Welsh councils invest over £600 million in fracking industry

Welsh councils are investing over £600 million in fracking companies through their management of local government pension funds, new data released on 3 September 2018 reveals (see table below).

The news comes as the fracking industry is poised to frack for gas for the first time in seven years in the UK.

In Wales there is a moratorium on fracking and the Welsh Government are currently consulting on their proposed position not to grant any new licenses for fracking in Wales when the power over these licences is devolved to Wales in October. However, new research reveals that Welsh councils still oversee pension funds investing heavily in companies that have huge global fracking operations.

Companies, in which Welsh councils invest, are fracking in Argentina, USA, Canada, Australia, China and Oman. The companies involved include BP and Royal Dutch Shell. BP has said that it is not fracking in the UK, to avoid ‘the wrong type of attention’ but it has huge fracking operations abroad.

 

The new report, ‘Divest Fracking; how UK councils are banking on dirty gas’, reveals that:

  • Welsh councils invest £600, 421, 640 in fracking companies.
  • Greater Gwent (Torfaen) and Dyfed are the Welsh local government pension funds with the highest investment in fracking companies. Greater Gwent and Dyfed invest £149,930,309 and £130,721,187 respectively in fracking companies.

 

The pension fund investments appear to fly in the face of the Well-being of Future Generations (Wales) Act of 2015, which requires public bodies in Wales to consider environmental and sustainable development in every decision they make. This Act strives to protect future generations from the devastating impacts of climate change and local authorities are accountable to it.

 

Friends of the Earth Cymru spokesperson Bleddyn Lake said:

“At exactly the same time as the Welsh Government is proposing to effectively kill off any prospects of fracking in Wales, the news that Welsh Local Authority Pension Funds are investing money in companies who continue to frack in other countries around the world is shocking.”

“Increasing extreme weather events around the globe show that climate change is really taking hold so we must all do all we can to reduce our climate emissions. These large fossil fuel companies carry on their business as usual approach pushing us ever closer to runaway climate change.”

“Welsh councils won’t be faced with fracking applications in their areas when the effective ban on fracking comes into Wales, so they shouldn’t be profiting from fracking in other people’s back yards. We need to see a clear commitment from them to remove all investments, direct or indirect, from fossil fuel companies.”

 

 

Gareth Ludkin, local divestment campaigner from Fossil Free Cymru commented:

“It’s appalling that Welsh councils are investing local pension funds in the fracking industry. Fracking companies have been linked to human rights abuses and are damaging both communities and local landscapes around the world.”

“Fracking is also opening-up a new frontier of fossil fuels that we cannot afford to burn if we are to avoid catastrophic climate change. Our councils must take a stand against fracking and stop fuelling this dangerous industry through their investments.”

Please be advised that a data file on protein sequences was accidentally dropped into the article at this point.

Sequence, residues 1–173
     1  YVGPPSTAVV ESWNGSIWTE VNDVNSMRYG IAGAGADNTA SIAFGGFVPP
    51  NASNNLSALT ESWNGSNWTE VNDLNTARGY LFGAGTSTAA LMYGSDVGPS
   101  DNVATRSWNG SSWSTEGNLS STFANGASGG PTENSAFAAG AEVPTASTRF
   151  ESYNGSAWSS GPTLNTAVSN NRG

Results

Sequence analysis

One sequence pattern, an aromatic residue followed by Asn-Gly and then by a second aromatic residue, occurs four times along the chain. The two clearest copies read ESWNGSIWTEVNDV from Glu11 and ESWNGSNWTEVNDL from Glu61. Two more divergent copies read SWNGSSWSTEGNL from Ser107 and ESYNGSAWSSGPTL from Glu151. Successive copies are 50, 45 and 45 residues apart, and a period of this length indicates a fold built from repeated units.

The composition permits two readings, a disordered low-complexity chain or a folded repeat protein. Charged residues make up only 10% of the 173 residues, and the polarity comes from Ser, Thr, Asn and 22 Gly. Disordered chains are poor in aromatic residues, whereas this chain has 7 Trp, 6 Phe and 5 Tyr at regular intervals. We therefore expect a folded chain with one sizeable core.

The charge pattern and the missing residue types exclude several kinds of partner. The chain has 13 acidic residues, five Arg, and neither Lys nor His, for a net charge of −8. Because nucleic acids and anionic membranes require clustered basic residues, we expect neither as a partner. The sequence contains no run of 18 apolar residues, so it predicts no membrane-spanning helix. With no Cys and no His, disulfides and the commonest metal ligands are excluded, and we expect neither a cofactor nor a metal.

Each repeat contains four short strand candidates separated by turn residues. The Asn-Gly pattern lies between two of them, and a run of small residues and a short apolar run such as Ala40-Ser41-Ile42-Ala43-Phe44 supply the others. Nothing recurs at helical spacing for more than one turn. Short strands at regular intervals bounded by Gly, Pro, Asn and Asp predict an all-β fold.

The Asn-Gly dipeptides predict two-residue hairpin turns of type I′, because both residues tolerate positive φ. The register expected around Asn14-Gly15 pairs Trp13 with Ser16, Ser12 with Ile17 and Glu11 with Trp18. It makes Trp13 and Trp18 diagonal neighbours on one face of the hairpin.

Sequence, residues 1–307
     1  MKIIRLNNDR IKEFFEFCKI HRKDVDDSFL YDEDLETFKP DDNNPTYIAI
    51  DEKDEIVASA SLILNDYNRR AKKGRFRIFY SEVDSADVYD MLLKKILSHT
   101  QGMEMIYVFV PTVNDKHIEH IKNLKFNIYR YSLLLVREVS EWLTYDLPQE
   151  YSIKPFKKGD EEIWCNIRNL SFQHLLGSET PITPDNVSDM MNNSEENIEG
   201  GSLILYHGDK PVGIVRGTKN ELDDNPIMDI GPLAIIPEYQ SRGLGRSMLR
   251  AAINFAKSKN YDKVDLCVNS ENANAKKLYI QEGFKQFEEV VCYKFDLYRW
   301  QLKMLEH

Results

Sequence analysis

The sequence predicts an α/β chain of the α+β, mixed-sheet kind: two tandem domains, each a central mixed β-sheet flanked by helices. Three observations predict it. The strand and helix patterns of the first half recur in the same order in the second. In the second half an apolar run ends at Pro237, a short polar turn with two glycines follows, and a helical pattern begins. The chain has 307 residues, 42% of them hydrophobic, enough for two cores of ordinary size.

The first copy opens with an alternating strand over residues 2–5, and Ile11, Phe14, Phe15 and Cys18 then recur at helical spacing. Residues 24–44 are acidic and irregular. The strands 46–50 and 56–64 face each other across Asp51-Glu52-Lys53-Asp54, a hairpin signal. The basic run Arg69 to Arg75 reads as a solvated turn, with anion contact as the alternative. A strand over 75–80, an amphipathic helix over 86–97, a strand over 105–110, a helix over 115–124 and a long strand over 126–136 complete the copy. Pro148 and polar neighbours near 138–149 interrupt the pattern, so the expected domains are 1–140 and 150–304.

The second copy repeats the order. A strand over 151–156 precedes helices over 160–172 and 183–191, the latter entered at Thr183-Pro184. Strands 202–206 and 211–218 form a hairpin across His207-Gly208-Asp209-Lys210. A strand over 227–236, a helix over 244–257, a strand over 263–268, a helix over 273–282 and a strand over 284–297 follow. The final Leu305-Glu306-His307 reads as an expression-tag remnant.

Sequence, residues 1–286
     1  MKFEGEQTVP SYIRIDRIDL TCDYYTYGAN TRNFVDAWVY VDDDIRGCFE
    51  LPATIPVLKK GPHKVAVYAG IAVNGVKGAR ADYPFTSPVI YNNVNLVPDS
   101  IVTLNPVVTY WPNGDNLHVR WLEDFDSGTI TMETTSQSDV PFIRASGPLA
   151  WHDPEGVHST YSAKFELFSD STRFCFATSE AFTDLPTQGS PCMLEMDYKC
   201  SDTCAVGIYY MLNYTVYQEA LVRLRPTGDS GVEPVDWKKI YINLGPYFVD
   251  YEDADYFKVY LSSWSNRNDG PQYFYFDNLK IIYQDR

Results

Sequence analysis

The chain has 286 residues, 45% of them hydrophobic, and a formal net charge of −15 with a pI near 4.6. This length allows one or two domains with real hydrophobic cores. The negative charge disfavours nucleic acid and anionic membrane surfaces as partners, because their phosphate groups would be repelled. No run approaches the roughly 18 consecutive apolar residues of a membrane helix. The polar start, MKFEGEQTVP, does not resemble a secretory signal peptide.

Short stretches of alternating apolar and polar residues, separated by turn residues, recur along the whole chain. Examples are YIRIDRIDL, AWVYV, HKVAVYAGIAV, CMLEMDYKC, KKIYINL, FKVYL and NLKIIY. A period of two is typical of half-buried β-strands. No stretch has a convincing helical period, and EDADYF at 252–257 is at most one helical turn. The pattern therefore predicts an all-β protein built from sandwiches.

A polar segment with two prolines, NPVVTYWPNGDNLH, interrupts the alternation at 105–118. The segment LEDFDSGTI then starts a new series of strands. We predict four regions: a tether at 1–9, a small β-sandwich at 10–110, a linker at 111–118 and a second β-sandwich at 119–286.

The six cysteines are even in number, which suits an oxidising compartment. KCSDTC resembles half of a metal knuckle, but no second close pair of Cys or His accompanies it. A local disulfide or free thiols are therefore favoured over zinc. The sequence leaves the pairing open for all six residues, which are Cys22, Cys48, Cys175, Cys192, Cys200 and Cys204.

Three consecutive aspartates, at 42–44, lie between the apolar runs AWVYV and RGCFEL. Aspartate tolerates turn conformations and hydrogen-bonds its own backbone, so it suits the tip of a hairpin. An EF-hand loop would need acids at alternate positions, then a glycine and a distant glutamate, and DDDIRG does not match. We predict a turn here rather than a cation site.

Sakina Sheikh, divestment campaigner with Platform added:

“The devastating fires and record temperatures this summer have brought the impacts of climate change home. Neither local communities nor our climate can afford for the fracking industry to win. Our councils are providing everyday support to the frackers, it’s time to stop. It’s time to divest from fossil fuels.”

 

The data is released by Platform, Friends of the Earth and 350.org. It ranks UK council-run pension funds by their investments in companies involved in fracking.

 

In March 2018, Monmouthshire council unanimously voted to pass a motion calling on the Greater Gwent (Torfaen) Pension Fund to divest from fossil fuel companies. Monmouthshire council use the Greater Gwent Pension Fund but the Fund is run by Torfaen County Borough Council who thus have control over whether the Fund divests in practice.

 

Full divestment commitments have so far been made by two UK local government pension funds, with a further five making partial commitments. The campaign to divest local government pensions has received backing from Unison and the TUC. In addition to the ethical argument for fossil fuel divestment, there is now a financial argument for divestment to protect peoples’ pensions; it is argued that fossil fuel assets will fall in value due to advances in technologies for energy efficiency and renewable power and stronger climate legislation.  

See table of Welsh local government pension funds and their investments in fracking companies below. To see the full data for all UK local government pension funds and for more information, visit: gofossilfree.org/uk/divest-fracking

 

Local Government Pension Fund

Total Fund Amount (£)

Fossil Fuel Investments (£)

 

Fracking investments (£)

Cardiff and Vale of Glamorgan Pension Fund

1,601,270,687

86,367,270

45,287,802.34

City & County of Swansea Pension Fund

1,852,775,000

134,173,900

73,795,645.00

Clwyd Pension Fund

1,380,322,000

20,282,600

11,155,430.00

Dyfed Pension Fund

2,385,496,536

196,560,497

130,721,187.09

Gwynedd Council Pension Fund

1,864,232,862

94,271,179

51,849,148.62

Rhondda Cynon Taf Pension Fund

3,004,479,000

222,983,200

122,640,760.00

Torfaen (Greater Gwent) Pension Fund

2,700,194,120

245,856,816

149,930,309.43

Powys County Council Pension Fund

594,162,272

27,347,923

15,041,357.40

Total

15,382,932,477

1,027,843,384

600,421,639.88

 

 

Share this page

Tumblr Facebook Twitter Email Addthis
Want to make something happenGet Involved or Send us a Donation